As three more birthdays pass, Evelyn becomes withdrawn and haggard, losing herself in an alcoholic haze. Meanwhile, Edward is preparing to marry the rich and well-connected Phyllis Mayden (Harriette Johns), but has impregnated his lower-class mistress, Betty (Tilsa Page). Arnold summons Larry to the house in an effort to convince the doctor to “take care” of the situation (a not-so-subtle hint at abortion), but Larry refuses and offers to help the young woman after Arnold informs Betty that Edward will not marry her. Betty tells Arnold that he doesn’t have to worry about paying her off, because she will take care of herself.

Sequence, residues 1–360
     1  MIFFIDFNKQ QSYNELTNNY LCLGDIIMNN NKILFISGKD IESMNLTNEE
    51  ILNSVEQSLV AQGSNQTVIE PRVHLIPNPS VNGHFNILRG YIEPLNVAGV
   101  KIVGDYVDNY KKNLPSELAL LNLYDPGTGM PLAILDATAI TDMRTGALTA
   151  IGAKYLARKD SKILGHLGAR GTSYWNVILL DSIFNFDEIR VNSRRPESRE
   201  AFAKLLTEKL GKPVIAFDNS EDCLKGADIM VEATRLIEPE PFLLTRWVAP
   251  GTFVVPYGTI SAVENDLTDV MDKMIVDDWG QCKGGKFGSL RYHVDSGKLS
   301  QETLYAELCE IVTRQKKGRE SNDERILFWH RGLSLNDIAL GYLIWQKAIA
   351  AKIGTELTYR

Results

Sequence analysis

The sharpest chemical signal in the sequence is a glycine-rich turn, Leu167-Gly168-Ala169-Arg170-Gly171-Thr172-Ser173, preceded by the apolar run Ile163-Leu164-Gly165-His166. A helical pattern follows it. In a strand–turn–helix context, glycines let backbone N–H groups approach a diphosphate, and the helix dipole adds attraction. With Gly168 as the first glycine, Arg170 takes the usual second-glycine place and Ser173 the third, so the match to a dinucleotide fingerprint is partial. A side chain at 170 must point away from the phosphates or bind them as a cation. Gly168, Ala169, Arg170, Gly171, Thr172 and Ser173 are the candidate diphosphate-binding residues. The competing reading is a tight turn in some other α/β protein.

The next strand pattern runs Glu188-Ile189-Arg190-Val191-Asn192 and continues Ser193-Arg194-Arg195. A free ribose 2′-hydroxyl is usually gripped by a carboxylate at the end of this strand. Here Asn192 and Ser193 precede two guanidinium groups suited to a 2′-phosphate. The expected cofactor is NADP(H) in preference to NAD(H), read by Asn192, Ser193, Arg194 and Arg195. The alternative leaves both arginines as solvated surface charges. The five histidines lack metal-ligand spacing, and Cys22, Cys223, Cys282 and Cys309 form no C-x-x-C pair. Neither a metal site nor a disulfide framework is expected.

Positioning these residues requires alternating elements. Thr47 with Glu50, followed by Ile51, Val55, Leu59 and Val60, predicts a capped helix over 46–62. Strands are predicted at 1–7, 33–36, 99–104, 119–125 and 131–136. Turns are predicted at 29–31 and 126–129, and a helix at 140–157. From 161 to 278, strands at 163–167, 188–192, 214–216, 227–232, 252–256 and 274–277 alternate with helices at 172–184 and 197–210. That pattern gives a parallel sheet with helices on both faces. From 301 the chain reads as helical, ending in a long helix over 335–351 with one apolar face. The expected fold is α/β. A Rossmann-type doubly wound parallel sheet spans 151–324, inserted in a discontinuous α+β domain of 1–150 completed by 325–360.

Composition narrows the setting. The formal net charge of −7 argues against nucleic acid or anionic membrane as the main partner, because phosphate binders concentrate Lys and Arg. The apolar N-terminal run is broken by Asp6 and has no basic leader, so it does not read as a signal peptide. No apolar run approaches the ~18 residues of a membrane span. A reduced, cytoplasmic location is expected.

Two years later, in 1941, the country is in the midst of World War II. Edward has recently died in a plane crash, killing himself and his crew while “showing off” during a routine drill. Larry stops by the Boult house, bringing his condolences, and finds Evelyn hosting a one-woman “celebration” of Edward’s birthday as she sinks into a drunken stupor. When Evelyn goes to bed, Arnold reflects on Edward’s life, telling Larry that he did the best he could for his son, and doesn’t think he could have done anything better.